Background: Over 25 years experience of living and working in the Gulf. An active member of IFMA, CoreNet Global and Dubai Quality Group
With vacancy rates at less than 1% it is not an option for many companies to move immediately. Around 25 million m2 of new office space is scheduled to be delivered by 2010, for the next few years we recommend FMs take a fresh look at their existing space and re-plan to optimise it.
We plan for about 15ÃƒÂ¢Ã¢â€šÂ¬Ã¢â‚¬Å“18m2 a person, but we can see this figure is decreasing. Workplace design trends focus on creating more open workspace, minimising private offices, with greater proportion of space allocated to group areas at the expense of shrinking individual workspaces. The savings in space can be allocated to group break-out areas, but could also be converted to additional workstations if required.
A company based in an office tower in DubaiÃƒÂ¢Ã¢â€šÂ¬Ã¢â€?Â¢s CBD, was recently challenged with doubling their headcount within the same space, with densities of just 9m2. A total re-plan of the space was the only option; shuffle departmental adjacencies, reposition conference suites and reduce reception area size, office sharing, compact file storage system, clusters of compact workstations and more glazed partitions to allow natural light to flow were some of the solutions. Accommodating increasing staff densities is also determined by furniture manufacturers, who are actively developing products such as compact systems, multi-functional and modular furniture.
The main challenge for FMs is to achieve a healthy balance between open areas and privacy in the re-designed space. They should create a variety of workspaces designed according to the task, whether it be individual or group work, or simply taking a regular break in a soft seating area. They also need to think about the companyÃƒÂ¢Ã¢â€šÂ¬Ã¢â€?Â¢s unique ÃƒÂ¢Ã¢â€šÂ¬Ã‹Å“work-styleÃƒÂ¢Ã¢â€šÂ¬Ã¢â€?Â¢; their corporate culture, work process and ways of working.
Perhaps offer the option to work from home or a remote location for part of the week (an increasing trend in other countries) reducing commuting time and allowing for a better work/life balance.
Name: V. Vijayendra Babji
Job title: Operations director
Responsible for: FM operations at Dubai Festival City
Company: Emrill Services
Based in: Dubai
Background: Mechanical engineer with 20 years of experience with Ford Motors, Jones Lang LaSalle
FMs around the world, especially in high growth markets like India and China or high cost markets like Singapore and Australia, are often challenged with the dilemma of catering to constantly growing workforce numbers. The traditional solution of design audits - involving review of real estate occupancy (density) and consequent redesign - is still widely utilised. However, this approach has distinct disadvantages - predominantly investment requirements and impact on employee morale as a result of diminishing workspaces.
Therefore, more innovative solutions are a strong need of the hour. Many corporations are adopting alternative workplace strategies, and hot-desking is the most successful amongst them. A leading corporation was able to reduce its overall leased portfolio by over 20% by implementing a technology-based hot-desking system - which was user-friendly and at the same time, catered to traditional workspace requirements of certain functions/positions (eg. marketing professionals requiring fixed spaces in a presentable location).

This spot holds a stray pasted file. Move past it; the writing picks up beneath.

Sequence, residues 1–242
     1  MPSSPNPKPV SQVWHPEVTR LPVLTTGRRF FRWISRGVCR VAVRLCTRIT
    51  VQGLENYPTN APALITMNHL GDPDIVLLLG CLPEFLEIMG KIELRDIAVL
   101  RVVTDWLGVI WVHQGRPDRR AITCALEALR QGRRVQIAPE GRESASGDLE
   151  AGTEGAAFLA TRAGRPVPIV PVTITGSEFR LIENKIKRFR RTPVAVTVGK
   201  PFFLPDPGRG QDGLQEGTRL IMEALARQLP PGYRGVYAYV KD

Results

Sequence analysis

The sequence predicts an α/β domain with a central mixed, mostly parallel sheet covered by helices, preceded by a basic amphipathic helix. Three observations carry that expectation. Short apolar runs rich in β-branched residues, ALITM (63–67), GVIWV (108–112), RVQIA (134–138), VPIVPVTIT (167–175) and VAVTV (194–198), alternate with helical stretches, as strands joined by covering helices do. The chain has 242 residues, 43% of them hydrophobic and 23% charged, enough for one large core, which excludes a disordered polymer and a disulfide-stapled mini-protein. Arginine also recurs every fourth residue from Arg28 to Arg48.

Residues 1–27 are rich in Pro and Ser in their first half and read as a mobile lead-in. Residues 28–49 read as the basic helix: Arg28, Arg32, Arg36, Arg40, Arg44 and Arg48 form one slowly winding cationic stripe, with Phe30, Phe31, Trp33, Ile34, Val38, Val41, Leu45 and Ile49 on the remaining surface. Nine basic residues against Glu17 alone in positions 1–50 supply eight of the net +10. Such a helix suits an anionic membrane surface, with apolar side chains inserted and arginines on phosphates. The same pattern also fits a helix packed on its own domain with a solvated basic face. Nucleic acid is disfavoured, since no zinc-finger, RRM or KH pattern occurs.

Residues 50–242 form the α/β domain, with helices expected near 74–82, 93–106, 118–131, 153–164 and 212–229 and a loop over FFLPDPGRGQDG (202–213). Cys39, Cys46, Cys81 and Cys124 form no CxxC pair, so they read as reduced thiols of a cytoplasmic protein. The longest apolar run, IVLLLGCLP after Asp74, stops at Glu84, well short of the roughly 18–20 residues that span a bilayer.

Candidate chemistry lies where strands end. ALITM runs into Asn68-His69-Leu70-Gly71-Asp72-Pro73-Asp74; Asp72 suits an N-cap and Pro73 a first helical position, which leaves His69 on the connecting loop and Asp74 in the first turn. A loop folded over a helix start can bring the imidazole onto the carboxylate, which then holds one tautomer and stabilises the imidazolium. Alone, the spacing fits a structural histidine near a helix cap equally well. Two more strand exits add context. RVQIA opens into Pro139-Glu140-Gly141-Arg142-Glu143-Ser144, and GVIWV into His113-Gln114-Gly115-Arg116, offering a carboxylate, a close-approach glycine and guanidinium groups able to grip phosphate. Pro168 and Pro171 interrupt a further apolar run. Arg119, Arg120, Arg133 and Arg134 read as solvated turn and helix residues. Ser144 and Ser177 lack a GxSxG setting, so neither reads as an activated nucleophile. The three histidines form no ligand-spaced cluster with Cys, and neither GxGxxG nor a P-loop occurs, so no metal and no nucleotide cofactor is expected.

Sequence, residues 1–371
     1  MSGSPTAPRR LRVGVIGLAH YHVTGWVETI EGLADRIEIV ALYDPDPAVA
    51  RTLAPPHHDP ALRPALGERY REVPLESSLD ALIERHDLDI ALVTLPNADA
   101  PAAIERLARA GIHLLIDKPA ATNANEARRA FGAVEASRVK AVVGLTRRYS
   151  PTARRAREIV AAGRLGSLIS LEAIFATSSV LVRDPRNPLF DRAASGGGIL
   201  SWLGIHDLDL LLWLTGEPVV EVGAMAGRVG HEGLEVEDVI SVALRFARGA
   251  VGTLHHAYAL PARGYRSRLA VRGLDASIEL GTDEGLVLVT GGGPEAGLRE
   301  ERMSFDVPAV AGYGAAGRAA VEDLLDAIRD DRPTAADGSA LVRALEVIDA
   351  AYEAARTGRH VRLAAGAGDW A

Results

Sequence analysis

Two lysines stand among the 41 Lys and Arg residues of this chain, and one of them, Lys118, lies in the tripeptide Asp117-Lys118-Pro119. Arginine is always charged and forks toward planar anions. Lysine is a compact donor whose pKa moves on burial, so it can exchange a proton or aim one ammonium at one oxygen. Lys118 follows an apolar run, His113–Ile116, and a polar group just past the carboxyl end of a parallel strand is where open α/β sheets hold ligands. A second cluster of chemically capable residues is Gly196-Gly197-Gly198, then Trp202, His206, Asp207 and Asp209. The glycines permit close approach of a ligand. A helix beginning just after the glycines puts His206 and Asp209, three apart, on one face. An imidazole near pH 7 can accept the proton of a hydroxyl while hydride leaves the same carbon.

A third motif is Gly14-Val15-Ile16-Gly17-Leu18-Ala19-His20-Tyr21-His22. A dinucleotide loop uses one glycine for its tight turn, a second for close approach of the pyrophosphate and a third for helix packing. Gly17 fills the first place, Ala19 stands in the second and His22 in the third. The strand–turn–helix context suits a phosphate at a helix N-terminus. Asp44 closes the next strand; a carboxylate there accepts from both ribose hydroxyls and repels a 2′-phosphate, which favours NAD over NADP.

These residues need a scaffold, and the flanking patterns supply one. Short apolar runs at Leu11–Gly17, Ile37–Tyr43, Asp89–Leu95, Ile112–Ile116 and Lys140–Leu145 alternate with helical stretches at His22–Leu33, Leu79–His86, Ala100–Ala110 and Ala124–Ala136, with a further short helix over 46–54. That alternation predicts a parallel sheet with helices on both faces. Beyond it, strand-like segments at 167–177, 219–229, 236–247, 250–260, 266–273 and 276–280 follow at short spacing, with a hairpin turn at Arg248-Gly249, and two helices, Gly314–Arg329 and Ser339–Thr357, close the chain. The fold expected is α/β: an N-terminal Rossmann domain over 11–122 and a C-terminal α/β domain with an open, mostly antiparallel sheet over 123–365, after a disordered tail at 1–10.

Many corporations actively encourage work-from-home cultures, some offering financial incentives to employees who choose to work from home. This concept ably supports need-to-use workspace strategies. Several other revolutionary initiatives can also be implemented as solutions:
ÃƒÂ¢Ã¢â€šÂ¬Ã‚Â¢ Workforce operating on a shift system;
ÃƒÂ¢Ã¢â€šÂ¬Ã‚Â¢ Transforming from traditional offices to open spaces;
ÃƒÂ¢Ã¢â€šÂ¬Ã‚Â¢ Back-office/front-office concept (eg. support functions operate from a separate facility, maybe even business centers that allow upscale/downscale flexibility);
ÃƒÂ¢Ã¢â€šÂ¬Ã‚Â¢ Employing external warehousing for storage (thus adding more usable space).
At the heart of developing any solution, however, is fostering a culture where facility managers play a strong role in organisational strategy as owners of space; rather than being at the receiving end of space requirement mandates. It is only then that their strengths of innovation, forecasting and proactive initiatives and increasing use of technology will be of maximum value to the corporation.
Name: Mehdi Nosratlu
Job title: Managing director
Responsible for: Business development
Based in: Sharjah
Background: MBA. International project management
Businesses are employing more flexible and mobile workforces, so what are customers really looking for from property? Are property owners innovating and providing the right infrastructure and facilities? How can the gap be bridged between traditional space and required services? How can the layout, design and service provided within buildings make a more valuable contribution to corporate productivity?
Office productivity is influenced by a number of factors, one of which is office layout. Its importance to organisational efficiency should never be underestimated. Efficient layout results in a number of benefits, including: employee satisfaction; first impressions of the organisationÃƒÂ¢Ã¢â€šÂ¬Ã¢â€?Â¢s work areas; the effective allocation and use of the buildingÃƒÂ¢Ã¢â€šÂ¬Ã¢â€?Â¢s floor space; providing employees with efficient, productive work areas and effective expansion and/or rearrangement of work areas.
A number of factors need to be thought when designing an office, including: work flow; organisation chart; communication network; space requirements and perhaps the most critical decision to be made is whether private, general or a combination of both areas will be used.
The trend is toward a minimum of private office areas and maximum use of general office areas. Typically, the general areas make use of the openplan concept, which overcomes a number of the disadvantages of conventional private offices.
Three alternatives are used in designing space around the openplan concept. These include: the modular workstation, the cluster workstation and the landscape approach.
The preparation of the layout is carried out using a variety of tools, including templates, cut outs, plastic models, magnetic boards and computer-aided design (CAD). CAD is used for more complex projects.
Regardless of which tool is used, a primary concern is making sure every aspect of the layout (perimeter, structural features, equipment and furniture components, etc) is scaled properly and consistently.